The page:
Sunday, October 27, 2013
The Lonely Scarecrow
The scarecrow wants friends, but none of the animals will come near him because he looks...scary. He wistfully watches the animals play and wishes they would come near him. As the seasons progress, he feels increasingly lonely and as winter approaches, he loses all hope of making friends.
But with the first snow comes a small miracle. The snow covers the scarecrow and makes him look like a snowman and the animals begin to play happily around him each day. In the back of his mind, the scarecrow worries that when he loses his snowy coat, he will also lose his friends.
As the snow slowly begins to thaw, the animals realize that their new friend is actually "the same scary creature they had feared for so long," but they stay with their new friend.
The Lonely Scarecrow is an appealing book for several reasons. First, the illustrations, by Maggie Kneen, are beautiful (sidenote: I understand that the hardcover edition is embossed). Several of the pages have small detailing around the central image, reminiscent of Jan Brett's work.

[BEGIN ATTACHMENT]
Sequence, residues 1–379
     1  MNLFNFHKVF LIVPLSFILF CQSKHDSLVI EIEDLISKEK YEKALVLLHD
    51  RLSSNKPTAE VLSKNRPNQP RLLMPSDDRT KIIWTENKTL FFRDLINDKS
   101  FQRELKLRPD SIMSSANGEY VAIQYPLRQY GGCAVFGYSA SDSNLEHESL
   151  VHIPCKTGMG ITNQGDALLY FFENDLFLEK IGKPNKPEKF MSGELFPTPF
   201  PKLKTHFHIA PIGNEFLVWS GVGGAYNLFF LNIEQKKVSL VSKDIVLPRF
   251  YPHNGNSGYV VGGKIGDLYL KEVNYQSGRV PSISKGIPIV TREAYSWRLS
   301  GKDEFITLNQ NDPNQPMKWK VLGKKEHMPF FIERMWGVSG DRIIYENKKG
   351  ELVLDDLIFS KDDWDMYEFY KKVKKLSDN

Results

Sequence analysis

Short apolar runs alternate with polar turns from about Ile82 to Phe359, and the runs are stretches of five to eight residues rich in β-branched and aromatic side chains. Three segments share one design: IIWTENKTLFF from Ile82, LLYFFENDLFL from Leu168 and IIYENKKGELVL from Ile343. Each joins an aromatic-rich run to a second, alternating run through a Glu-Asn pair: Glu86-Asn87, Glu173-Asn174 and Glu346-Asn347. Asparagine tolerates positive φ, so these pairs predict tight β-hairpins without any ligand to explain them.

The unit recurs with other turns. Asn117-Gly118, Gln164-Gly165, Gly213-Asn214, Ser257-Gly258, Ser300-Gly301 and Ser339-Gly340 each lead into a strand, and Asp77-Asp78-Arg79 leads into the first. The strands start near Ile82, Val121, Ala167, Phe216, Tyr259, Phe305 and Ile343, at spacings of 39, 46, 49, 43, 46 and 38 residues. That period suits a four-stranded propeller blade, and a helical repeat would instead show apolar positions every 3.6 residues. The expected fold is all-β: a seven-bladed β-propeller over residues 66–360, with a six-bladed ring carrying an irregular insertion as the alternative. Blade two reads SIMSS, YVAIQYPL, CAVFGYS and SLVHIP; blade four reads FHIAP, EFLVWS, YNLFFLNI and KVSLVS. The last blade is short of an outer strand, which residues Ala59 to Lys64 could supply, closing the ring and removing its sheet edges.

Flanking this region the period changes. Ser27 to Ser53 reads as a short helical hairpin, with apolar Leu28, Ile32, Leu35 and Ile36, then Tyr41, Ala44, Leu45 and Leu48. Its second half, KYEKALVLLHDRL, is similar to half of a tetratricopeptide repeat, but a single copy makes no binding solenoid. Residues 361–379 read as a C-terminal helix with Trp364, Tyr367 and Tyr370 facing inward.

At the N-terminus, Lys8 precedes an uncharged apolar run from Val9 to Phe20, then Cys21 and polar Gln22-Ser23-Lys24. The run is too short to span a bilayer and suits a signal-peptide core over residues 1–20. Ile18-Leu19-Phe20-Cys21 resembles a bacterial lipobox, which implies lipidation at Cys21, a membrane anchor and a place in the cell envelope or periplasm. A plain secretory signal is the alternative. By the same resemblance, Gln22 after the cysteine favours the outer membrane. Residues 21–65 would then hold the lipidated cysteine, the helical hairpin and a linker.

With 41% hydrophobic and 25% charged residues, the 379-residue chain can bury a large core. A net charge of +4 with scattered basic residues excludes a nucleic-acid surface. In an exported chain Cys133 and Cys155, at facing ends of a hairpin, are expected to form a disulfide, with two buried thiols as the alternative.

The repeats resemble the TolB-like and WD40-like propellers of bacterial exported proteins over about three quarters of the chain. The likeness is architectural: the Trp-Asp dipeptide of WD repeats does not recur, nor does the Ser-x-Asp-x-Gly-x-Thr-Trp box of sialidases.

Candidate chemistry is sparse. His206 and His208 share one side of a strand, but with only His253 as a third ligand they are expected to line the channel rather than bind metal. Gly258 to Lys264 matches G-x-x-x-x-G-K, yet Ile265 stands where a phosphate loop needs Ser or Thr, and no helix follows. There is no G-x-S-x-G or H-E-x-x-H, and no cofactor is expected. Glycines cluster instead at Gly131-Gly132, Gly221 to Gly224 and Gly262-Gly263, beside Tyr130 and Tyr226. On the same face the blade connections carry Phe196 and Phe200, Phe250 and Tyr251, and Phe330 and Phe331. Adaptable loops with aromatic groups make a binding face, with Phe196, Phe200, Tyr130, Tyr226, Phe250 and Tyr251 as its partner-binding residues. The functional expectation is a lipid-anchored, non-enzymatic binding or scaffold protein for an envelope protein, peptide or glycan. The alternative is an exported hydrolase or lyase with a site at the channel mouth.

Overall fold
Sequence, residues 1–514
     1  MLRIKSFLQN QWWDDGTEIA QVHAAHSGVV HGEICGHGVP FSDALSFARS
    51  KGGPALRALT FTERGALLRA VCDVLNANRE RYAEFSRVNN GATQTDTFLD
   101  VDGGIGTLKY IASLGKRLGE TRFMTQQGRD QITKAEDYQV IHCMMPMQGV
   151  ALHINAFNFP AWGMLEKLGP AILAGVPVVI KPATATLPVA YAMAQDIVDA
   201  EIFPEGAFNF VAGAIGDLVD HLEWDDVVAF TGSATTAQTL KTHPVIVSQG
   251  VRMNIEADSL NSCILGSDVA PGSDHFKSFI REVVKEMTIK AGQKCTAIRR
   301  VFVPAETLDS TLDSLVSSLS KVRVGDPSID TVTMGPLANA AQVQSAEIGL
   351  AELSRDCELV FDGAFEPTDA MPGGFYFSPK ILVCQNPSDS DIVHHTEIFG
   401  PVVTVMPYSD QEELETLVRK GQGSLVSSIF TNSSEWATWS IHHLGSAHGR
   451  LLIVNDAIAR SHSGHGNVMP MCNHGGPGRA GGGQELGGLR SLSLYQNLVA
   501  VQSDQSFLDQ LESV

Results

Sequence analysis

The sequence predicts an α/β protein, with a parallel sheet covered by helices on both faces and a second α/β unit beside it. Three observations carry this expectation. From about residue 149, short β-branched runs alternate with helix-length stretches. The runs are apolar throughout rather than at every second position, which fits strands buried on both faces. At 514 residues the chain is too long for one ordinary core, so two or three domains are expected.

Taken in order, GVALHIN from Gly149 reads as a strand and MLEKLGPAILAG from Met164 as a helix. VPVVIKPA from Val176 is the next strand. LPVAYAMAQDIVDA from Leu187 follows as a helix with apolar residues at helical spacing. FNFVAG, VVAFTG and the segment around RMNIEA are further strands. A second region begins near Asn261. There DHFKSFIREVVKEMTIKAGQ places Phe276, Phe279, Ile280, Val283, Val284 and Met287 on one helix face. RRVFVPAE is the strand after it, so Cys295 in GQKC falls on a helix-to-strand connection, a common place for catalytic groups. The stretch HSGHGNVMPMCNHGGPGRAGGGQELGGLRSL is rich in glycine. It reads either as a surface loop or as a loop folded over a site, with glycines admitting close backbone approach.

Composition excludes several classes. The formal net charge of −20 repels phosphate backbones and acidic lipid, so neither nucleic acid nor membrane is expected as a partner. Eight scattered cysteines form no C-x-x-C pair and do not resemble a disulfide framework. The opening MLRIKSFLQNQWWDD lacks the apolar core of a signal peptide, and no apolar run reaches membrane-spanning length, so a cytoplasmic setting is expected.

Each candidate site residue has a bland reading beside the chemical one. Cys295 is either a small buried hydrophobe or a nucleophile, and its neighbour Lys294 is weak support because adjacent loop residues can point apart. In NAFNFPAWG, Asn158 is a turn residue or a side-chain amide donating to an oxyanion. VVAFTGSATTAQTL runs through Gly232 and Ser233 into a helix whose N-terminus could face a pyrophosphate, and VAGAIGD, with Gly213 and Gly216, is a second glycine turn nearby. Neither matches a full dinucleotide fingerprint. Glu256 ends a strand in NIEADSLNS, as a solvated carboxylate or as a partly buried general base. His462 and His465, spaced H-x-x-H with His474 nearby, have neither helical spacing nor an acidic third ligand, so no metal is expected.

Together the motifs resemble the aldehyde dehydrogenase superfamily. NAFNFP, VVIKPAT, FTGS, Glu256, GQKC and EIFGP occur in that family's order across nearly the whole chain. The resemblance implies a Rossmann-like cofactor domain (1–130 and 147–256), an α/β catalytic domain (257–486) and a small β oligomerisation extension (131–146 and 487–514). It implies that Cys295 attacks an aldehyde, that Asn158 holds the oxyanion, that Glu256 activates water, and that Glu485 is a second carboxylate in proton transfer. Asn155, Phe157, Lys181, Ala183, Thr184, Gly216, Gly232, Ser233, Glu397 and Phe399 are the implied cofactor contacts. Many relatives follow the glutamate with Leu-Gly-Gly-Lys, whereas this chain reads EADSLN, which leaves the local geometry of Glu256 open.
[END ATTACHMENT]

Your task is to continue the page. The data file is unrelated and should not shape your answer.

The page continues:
I love the language in this book! Too often today's authors simplify the language in children's books TOO MUCH! It needs to stop - can we start a campaign?
When I read Beverly Cleary or E.B. White or Laura Ingalls Wilder to my students, very few of them are able to stay interested and it's not because these authors aren't tremendous. I think it's because children don't have enough opportunities to develop the vocabulary they are capable of developing so they can't follow the stories without significant adult guidance (and don't get me started on how digital pastimes have ruined their attention spans). Phrases like "the ravaged acres of mud," "marooned in his golden sea," and "a sly breeze that stole the leaves from the trees," should be the rule rather than the exception.
Finally, I appreciate the moral(s) of the story. Appearances can be deceiving, don't judge a book by it's cover, everyone deserves a chance, all of these adages (and more) about friendship and acceptance are wonderfully illustrated in this story.
The Lonely Scarecrow needs to be in your home or classroom library. I hear the hard cover edition has embossed illustrations - I'm salivating! :)